The 2014 Indonesian Forest Governance Index (FGI) is the second report of its kind, with the first report providing baseline data in 2013. The follow-up work after the first report has resulted in actual changes in practice through informed policy-making and prioritized action towards improvements, such as revision of regulations, increased allocation of forest resources to local communities. The 2014 FGI is another important milestone, again providing robust governance data validated through stakeholder inputs and contributions, along with a set of recommendations stakeholders view as relevant and realistic to address the shortcomings found. The report provides information on certainty over forest areas; fairness over forest resources; forest management transparency and integrity; as well as law enforcement capacity. All four governance issues take into account the following three cross-cutting dimensions: laws and policies; different actors’ capacity to implement REDD+; and forest governance performance (de facto conditions on the ground).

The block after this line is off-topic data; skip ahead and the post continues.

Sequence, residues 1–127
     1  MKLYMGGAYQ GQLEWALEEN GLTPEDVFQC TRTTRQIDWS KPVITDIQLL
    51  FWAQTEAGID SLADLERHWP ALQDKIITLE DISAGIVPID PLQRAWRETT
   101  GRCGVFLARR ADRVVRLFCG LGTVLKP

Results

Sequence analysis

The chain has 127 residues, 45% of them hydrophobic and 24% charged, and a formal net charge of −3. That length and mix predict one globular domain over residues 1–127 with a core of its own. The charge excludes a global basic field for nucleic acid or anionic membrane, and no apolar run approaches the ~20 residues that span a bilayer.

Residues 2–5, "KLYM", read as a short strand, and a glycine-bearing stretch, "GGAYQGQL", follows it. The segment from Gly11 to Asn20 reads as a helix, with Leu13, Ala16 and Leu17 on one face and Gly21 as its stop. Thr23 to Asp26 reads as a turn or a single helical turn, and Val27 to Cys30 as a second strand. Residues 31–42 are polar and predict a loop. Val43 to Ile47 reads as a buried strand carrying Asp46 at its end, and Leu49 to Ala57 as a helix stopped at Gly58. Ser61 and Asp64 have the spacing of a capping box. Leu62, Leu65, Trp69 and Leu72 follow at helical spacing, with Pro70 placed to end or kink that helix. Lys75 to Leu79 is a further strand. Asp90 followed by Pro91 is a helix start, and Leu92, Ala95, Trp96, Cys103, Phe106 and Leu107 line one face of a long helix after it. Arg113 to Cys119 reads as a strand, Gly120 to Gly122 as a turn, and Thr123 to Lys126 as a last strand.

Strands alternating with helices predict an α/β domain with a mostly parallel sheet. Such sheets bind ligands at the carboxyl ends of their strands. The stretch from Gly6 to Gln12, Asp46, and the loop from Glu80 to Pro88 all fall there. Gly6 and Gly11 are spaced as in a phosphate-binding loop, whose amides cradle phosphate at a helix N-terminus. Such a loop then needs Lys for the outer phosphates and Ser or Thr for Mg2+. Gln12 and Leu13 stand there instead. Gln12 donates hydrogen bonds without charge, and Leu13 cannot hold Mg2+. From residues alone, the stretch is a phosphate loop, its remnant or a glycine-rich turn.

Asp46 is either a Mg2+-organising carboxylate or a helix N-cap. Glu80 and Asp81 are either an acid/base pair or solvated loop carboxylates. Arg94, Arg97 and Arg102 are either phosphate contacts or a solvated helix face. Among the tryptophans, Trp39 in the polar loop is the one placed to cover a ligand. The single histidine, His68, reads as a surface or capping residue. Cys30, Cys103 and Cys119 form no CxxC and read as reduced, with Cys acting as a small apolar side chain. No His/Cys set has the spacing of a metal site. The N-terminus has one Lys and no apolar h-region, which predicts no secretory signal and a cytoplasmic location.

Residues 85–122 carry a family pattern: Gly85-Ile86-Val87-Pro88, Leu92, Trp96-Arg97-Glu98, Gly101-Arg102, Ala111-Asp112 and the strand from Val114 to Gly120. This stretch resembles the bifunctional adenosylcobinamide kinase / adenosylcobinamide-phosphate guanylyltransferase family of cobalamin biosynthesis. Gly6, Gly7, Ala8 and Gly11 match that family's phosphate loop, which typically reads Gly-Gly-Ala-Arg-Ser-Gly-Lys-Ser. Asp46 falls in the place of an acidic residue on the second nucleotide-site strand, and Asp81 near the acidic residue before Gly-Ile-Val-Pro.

Towards Better Forest Governance for REDD+ in Indonesia : an Evaluation of the Forest Licensing System (hyperlink: tinyurl.com/Indonesia-forest-license) Covering 52 million hectares of forest lands, forest licenses in Indonesia can play a role to regulate high forestry and land sector emissions and be a key element in strengthening forest governance for REDD+. The existing online licensing system at the central level has been a first step, yet concerns about its effectiveness and transparency have led to the need for an in-depth evaluation. The study was conducted at the request and under the guidance of the Ministry of Forestry as a recommendation from Indonesia’s first FGI, with the goal to identify and mitigate inefficiencies and corrupt practices in the process to apply and obtain forest licenses. The evaluation is based on quantitative and qualitative information gathered from 116 service users and 44 service providers. It examines 11 governance indicators and reveals that areas for needed improvement include 1) timeliness of the service 2) unofficial fees that service users have to pay 3) access to online information; 4) independence of service providers from their supervisors and 5) favorable treatments for better-connected large scale companies. Conversely, service users are more satisfied about the overall convenience of the facilities and the availability of the complaints mechanism, with reservations however on diligence in follow-up on complaints.